What Happens at the Creditors’ Meeting (Section 98) During a CVL?
Once a company has decided upon a Creditors Voluntary Liquidation, a creditors meeting will be called so that creditors can learn more about their situation, and vote towards the best course of action for the company. The key to the Meeting of Creditors is that the creditors will be asked to vote on the appointment of the liquidator.
A summary of the company history and events leading up to the liquidation will also be provided along with at least one acting director to answer questions.
NB: As per revised insolvency legislation, the Section 98 meeting has now been replaced by a new process – see this article on Virtual Meetings in Insolvency for more details)
Key Information Provided
- Creditors are presented with a director’s sworn Statement of Affairs, along with a verbal explanation of the contents.
- If anyone present has a prior relationship with the proposed liquidator, they will explain as much to everyone present at the meeting.
- Those present will receive confirmation that the shareholders meeting has occurred, along with its date and location. If any resolutions were passed, that information would be shared with the creditors
- Creditors will be informed when, precisely, the company directors signed notices to call the meeting.
- If the preparation of the Statement of Affairs or the creditors meeting itself (i.e. room rental) has incurred any costs, then those figures will be declared.
- A brief report will be given to the company’s trading history and the reasons for the current insolvency. This moment is the chance for creditors to put their questions to directors as to what exactly has happened.
- The previous three year’s accounts will be provided for the creditors, together with a deficiency account, as further illustration of the reason for the forthcoming liquidation.
- Nomination of the liquidator – All the creditors who have lodged a proof of claim are entitled to vote towards the nomination of a liquidator. More than 50% of the votes cast must be in favour of the liquidator that is appointed.
Who is Allowed to Attend the Section 98 Meeting
- Any company creditor who can lodge a proof of claim can attend the meeting within the Creditors’ Voluntary Liquidation process, as well as company directors and company secretary.
- The proposed company liquidator will also be present.
- Journalists have no legal right to attendance, but they may be admitted unless the chairman wishes otherwise. Similarly, any other interested party (i.e., landlord, or employee) may request attendance from the chairman.
- If both the directors and the creditors are proposing their liquidators the representatives of several firms may be present.
- For creditors who are unable to attend, but who wish to make their vote known, a proxy representative of their company will attend in their place.
- At least one acting director must attend to chair the meeting and address any questions. Practically, however, it is the proposed liquidator who will likely manage the meeting itself.
Does the Meeting of Creditors need to be held at a Specific Place or time?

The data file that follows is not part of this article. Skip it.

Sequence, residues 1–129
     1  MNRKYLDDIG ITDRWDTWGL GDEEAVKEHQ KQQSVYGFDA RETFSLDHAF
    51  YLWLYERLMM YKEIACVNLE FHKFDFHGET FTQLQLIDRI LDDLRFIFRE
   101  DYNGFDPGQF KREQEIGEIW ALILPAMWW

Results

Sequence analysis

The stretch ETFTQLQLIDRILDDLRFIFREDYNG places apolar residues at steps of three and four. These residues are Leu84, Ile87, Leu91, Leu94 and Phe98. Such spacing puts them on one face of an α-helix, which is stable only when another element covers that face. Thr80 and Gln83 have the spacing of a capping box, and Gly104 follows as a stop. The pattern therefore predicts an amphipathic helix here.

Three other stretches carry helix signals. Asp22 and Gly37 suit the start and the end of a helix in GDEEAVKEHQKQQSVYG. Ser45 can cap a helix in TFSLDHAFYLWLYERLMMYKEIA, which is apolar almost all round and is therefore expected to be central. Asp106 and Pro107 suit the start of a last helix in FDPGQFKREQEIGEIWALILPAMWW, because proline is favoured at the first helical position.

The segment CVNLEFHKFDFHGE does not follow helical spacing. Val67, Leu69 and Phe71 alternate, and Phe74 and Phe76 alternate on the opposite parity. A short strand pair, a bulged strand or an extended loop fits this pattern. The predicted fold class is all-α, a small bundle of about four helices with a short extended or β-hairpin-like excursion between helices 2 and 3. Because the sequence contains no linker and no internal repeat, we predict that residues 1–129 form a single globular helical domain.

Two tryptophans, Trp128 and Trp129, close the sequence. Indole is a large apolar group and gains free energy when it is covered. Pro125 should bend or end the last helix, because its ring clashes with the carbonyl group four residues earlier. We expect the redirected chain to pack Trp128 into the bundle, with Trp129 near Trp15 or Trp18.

The Statement of Insolvency Practice (SIP 8) is very clear on the timings necessary for creditors meetings. Once the shareholders have instigated a resolution for voluntary winding up, the company must stop trading. After that, the first meeting of creditors must take place within fourteen days, so that that owed money by the company have a chance to meet, further understand their situation, and appoint an insolvency practitioner to liquidate the company.
Where are the Meetings held?
Section 98 of the Insolvency Act 1986 contains a section titled ‘Summoning and holding meetings of creditors’ which explains this. The appointed liquidator should choose a convenient place for all concerned, which may be the offices of the Insolvency firm, provided no one objects. If the Insolvency firm’s office is chosen, they are entitled to make a reasonable charge accordingly.
What Happens if I can’t Attend?
As the creditor of a company that is going into creditors’ voluntary liquidation, you will receive notice of a meeting, usually by post, in which the forthcoming insolvency will be under discussion. At that meeting, each creditor is entitled to vote on matters about the liquidation, so it will obviously serve your interests to attend and offer your opinion. If you are unable to attend in person, but still wish to vote, you’re entitled to lodge a proxy with the liquidators. The method of doing that is to lodge proxy form, which you can send by post, or fax to the meeting chairman.
How to fill out Your Proxy Form
Your proxy form will need to contain your name, company, or other body owed money by the limited company which is undergoing a CVL. You will need your full address, including postcode. The most important part the proxy form involves your appointment of a proxy holder, which is commonly a solicitor, for example. More than one proxy holder can be put forward, in case the first choices unable to attend. A third option is to appoint the Chairman as your proxy holder, in which case you’ll need to state this clearly by filling in ‘chairman of the meeting’ in the space for the proxy holder’s name.
Voting Instructions for Specific Resolutions
If you have appointed a proxy holder, you will not need to give any voting instructions assuming you’re happy for that individual to exercise his or her discretion. Failing that, you will need to signify your instructions with regards to particular resolutions. One of the likely resolutions for the first creditors meeting is the appointment of an insolvency practitioner or liquidator, so you will need to list your choice’s name if you wish to vote for them.
Signing the Proxy Form
The signature on your proxy form should be that of a company director or another duly authorised representative of the creditor.